The narrative surrounding Aaron Watson’s The Underdog makes it an album that is easy to root for: Buoyed by more than a decade of goodwill and fan support and a deft pre-release promotional push, the album surprised many with its #1 bow atop Billboard’s Top Country Albums chart, surreptitiously around the same time that erstwhile Sony Nashville CEO Gary Overton made his controversial remark about how artists who don’t get played on country radio “don’t exist.” The Underdog, the twelfth album from a traditional-leaning Texas singer-songwriter known as much for his humility as for his music, provided a perfectly timed counterexample to Overton’s short-sighted arrogance.
That context suits the overall thematic bent of Watson’s album quite well. Although the album includes several bids for mainstream attention— lead single “That Look” peaked at #41, while “Getaway Truck” trades in the most tired of Bro-Country images—it does so without pandering too openly for approval, and tracks like “The Prayer” and “Fence Post,” the wondrous cautionary tale slash kiss-off that closes the set, position Watson as someone who acknowledges his outsider status even as he courts a wider audience.
Again, Watson’s timing works in his favor. A generation ago, artists like Mark Chesnutt, Clint Black, Tracy Byrd, and Clay Walker regularly released albums that all sounded similar to what Watson offers here and that, it’s worth noting, were also often regularly produced by Keith Stegal). But The Underdog plays as something of a reprieve from the boorishness and the bluster of Florida-Georgia Line, Chase Rice, Cole Swindell, and the other interchangeable acts along the Bro axis. And, while it’s certainly refreshing to hear an act who is an unapologetic throwback to the mid-90s (see also: Worsham, Charlie), Watson’s style alone can’t compensate for the album’s uneven quality.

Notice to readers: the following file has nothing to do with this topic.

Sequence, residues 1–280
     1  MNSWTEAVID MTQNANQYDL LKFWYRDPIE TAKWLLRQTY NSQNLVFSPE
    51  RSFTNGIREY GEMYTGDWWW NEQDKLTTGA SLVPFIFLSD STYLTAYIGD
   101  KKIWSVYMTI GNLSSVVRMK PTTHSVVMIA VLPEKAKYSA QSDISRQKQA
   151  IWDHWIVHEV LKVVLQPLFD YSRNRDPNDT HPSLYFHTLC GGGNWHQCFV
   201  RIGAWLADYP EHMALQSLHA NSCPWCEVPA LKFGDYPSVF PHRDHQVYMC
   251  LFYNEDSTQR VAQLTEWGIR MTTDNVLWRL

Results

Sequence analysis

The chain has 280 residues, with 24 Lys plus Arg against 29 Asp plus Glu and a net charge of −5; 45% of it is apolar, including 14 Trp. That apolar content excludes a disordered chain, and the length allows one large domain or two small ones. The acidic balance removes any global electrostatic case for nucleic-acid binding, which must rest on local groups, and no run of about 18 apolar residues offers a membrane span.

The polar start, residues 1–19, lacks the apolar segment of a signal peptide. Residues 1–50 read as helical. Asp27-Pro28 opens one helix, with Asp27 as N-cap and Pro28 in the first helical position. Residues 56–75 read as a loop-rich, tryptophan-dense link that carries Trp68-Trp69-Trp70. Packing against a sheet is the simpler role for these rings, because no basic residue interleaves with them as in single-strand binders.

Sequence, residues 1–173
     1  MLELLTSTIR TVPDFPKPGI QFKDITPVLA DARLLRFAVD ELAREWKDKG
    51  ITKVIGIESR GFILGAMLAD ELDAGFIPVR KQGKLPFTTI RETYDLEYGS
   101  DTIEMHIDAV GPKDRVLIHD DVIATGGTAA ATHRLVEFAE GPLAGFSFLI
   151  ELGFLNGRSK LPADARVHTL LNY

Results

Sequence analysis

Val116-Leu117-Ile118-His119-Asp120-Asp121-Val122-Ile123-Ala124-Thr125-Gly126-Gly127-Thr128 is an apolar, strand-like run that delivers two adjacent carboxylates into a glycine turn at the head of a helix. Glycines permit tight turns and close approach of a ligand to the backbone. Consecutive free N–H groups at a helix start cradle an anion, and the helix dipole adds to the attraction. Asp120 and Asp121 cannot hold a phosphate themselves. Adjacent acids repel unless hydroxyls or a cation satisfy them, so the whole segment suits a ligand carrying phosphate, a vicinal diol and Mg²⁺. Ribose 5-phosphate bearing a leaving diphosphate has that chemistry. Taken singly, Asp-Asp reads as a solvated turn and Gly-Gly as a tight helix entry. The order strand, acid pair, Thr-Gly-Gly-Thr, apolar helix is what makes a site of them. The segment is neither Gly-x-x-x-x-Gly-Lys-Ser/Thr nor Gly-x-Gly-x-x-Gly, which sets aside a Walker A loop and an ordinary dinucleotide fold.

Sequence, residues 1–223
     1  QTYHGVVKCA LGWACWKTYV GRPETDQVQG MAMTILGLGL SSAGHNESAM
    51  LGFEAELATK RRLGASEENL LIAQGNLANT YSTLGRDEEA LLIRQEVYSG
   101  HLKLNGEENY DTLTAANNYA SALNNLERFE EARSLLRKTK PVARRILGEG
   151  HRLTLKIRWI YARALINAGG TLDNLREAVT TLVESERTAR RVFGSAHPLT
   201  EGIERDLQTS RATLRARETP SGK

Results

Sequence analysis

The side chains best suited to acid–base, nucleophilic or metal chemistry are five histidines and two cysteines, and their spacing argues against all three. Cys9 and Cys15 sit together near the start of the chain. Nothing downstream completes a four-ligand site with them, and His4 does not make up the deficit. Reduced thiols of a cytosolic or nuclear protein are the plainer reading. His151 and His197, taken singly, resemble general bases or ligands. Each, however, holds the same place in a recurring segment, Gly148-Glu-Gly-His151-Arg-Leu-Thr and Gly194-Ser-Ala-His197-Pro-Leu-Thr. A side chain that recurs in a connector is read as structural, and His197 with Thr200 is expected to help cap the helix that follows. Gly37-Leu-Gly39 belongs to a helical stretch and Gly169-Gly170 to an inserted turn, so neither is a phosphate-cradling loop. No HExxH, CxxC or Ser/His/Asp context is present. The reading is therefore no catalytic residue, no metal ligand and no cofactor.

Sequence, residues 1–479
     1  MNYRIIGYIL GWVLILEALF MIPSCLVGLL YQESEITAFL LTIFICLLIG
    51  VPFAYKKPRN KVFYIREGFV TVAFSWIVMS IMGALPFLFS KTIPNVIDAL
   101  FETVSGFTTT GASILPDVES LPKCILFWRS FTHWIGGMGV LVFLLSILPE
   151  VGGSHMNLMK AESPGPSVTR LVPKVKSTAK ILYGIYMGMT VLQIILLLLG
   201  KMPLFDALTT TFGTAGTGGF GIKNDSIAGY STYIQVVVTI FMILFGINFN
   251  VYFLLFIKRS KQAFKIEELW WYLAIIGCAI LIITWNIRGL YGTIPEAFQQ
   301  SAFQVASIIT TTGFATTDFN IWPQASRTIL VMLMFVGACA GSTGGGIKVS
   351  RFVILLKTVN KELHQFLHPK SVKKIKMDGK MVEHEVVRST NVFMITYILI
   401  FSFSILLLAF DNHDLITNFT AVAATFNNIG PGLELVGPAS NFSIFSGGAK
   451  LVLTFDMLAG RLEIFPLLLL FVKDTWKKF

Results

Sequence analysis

“The Prayer” and “Wildfire” (a cover of a John Mayer song that Watson, in some kind of minor miracle, breathes life into) set the tone for the album with their skillful balance between traditionalism and contemporary polish and with Watson’s winning performances. “Bluebonnets (Julia’s Song)” is a genuinely lovely and understated meditation on loss, while “One of Your Nights” is torchy and turns on a well-turned phrase. But “That Look” and “That’s Gonna Leave a Mark” resort to predictable, borderline cutesy rhyme schemes that undermine their hooks, and the imagery in “Blame It On Those Baby Blues,” “That’s Why God Loves Cowboys,” and “Rodeo Queen” is all too familiar to make the songs in any way memorable.
At fourteen tracks, Watson could likely have benefited from some selective editing. The Underdog is never less than polished, competent, and, above all else, likable. But its best cuts make it clear that Watson is capable of far more than merely being a pleasant throwback. To that end, if The Underdog breaks Aaron Watson to a broader audience of country fans, so much the better.
Recommended Tracks: “The Prayer,” “Wildfire,” “Bluebonnets (Julia’s Song)”